Still, once I actually read through the book, the concept did grow on me. As the characters prattle on, they do actually divulge a little information on their development. Of course, since each character has his own bias, you’re not really getting the straight story, and certainly not many details. On the other hand, I began to realize that there are other books that offer a true history or character analysis. This book is just for fun. To be honest, though, I do wish that they could have just let the images speak for themselves, and not had so much space devoted to the text, which is sometimes cute but overall of little value.
After all, we’re buying this book for the art, not the words, right? Unfortunately, the art side also falls a little short, mostly on the pages with the most text. Typically, the text pages include stills from the cartoons, or newly drawn re-creations of classic scenes. Again, that’s not really what I chiefly wanted out of this book. Overall, there is a stunning lack of cool factor in the book, with a distinct lack of what I was expecting— which is, to say, rare art or photos of memorabilia. For example, Witch Hazel actually gets two whole pages of her own in the book, which consists of a cel set-up and a production sketch… and a whole lot of text, including a couple of magic potion recipes that Farago made up. One would think, that in 80 years of Looney Tunes greatness, that those two pages could have yielded a whole lot more. Miss Prissy’s two pages (believe it or not) yield only a still and a cel to go along with the silly text material.
Fortunately, other chapters fare a bit better. There is still an over-reliance on stills, but one cannot complain about all the lobby cards, model sheets, and various storyboards and sketches on display. To gain the “Treasury” moniker these days, however, one must bring out the memorabilia, preferably with removable goodies! And here, we do find some of these. Wile E. Coyote’s chapter has a 16-page Acme Catalog pasted into it, and we get mini-sized comics reprints for Porky Pig and Tweety And Sylvester. Daffy Duck has some stickers in his chapter, Yosemite Sam has a “wanted” poster folded up in a pocket, and Speedy’s chapter gives us some removable postcards. The disappointment comes with the realization that many of these items are just hokey things made especially for this book, and not neat reproductions. The comics are vintage, sure, and Bugs Bunny’s chapter has a script for Rabbit Hood; but past that there isn’t much here for true collectors interested in the vintage stuff. Worse, there are many pages in a row that go by without anything too special at all. It just feels sort of empty. Or is vacuous the word I’m looking for?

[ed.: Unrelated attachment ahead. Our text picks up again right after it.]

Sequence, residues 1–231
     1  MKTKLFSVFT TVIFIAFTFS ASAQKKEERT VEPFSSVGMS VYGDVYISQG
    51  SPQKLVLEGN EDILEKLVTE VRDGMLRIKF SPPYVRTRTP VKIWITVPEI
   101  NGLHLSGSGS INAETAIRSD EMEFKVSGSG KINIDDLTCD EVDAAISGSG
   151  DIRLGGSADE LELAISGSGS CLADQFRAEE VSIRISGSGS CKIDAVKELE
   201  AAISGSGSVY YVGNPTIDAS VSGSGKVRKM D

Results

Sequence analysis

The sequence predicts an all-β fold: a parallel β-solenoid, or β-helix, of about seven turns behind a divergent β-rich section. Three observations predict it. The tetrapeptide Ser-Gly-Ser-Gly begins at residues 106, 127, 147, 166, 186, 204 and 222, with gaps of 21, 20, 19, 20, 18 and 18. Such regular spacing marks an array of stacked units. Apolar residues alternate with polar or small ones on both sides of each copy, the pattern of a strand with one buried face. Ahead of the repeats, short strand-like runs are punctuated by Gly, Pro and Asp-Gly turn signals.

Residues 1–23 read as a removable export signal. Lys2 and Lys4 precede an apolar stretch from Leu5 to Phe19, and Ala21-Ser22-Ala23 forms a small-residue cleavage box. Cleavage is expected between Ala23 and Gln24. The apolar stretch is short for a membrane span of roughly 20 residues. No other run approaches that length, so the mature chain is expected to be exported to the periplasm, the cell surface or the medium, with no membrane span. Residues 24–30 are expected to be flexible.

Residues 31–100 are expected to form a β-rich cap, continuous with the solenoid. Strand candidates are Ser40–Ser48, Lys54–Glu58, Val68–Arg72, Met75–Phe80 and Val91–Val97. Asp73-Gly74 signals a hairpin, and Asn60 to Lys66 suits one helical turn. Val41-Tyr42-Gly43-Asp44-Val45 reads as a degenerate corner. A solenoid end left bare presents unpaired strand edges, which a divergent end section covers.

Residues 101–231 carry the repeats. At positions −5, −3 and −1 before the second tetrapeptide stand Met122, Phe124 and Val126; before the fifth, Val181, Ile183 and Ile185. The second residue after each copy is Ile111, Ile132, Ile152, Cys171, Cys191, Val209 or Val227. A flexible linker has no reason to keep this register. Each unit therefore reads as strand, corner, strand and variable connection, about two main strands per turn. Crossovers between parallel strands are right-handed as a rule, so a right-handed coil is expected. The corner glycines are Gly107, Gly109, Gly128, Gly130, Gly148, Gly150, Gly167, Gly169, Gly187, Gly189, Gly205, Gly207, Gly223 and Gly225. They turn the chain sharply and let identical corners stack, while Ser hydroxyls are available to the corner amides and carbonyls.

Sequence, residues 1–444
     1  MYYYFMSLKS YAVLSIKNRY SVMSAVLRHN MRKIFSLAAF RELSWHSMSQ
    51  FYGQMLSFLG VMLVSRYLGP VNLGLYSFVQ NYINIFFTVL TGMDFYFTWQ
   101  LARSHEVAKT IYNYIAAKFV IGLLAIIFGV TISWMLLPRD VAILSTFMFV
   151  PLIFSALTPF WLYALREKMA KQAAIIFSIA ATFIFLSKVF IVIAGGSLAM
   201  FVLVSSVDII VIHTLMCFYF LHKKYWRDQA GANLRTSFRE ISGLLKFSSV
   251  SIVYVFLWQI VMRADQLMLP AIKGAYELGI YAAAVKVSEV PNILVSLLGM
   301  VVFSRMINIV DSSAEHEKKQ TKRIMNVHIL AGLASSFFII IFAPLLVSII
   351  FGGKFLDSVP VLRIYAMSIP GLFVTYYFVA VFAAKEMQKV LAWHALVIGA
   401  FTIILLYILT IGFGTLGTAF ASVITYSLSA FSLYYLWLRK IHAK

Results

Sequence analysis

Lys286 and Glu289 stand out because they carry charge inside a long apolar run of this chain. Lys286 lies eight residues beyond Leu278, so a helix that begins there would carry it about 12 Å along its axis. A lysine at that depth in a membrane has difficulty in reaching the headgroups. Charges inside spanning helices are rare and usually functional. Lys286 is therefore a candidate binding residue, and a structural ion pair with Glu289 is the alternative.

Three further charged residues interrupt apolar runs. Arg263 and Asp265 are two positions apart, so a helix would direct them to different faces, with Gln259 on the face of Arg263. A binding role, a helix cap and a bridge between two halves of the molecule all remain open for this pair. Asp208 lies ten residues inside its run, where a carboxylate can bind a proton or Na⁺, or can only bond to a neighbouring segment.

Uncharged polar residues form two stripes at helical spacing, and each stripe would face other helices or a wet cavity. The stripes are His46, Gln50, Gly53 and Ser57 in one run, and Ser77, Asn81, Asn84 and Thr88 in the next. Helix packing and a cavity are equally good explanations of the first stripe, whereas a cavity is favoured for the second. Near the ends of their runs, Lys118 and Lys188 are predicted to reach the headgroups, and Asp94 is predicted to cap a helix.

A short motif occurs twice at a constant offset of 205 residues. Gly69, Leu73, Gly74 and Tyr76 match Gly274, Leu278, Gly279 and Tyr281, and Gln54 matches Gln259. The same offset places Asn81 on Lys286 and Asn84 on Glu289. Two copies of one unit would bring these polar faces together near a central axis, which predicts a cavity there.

I really want to love this book, but find myself “kinda liking” it instead. Like a bad car salesman, it makes a great first impression, but spending more time reveals a shallowness that can’t help but feel like a letdown. To be fair, more casual fans will likely find this book a delight, but anyone who owns some of the better books out there on the subject won’t be terribly impressed by this one. The hardest thing to accept was that so few photographs could be found of vintage merchandise, which was what I most hoped to see. Seriously, there are only about six photos or merchandise in the whole book, including one page of comic book covers. What we have here is a picture book for someone wanting a breezy read and to see some stills or production art from childhood favorites, but not much more than that. There’s nothing inherently wrong with that, but the book seems set up to do so much more.
I don’t wish to sound too negative. The design of the book is extremely attractive, and anyone paging through it will definitely be impressed by the layout. The designers did a wonderful job putting it all together; I only wish they had more to work with.
At a discount, this book could make a fun read. At full price, I would hesitate. If you want a great Looney Tunes art or history book, I have several others I would recommend first.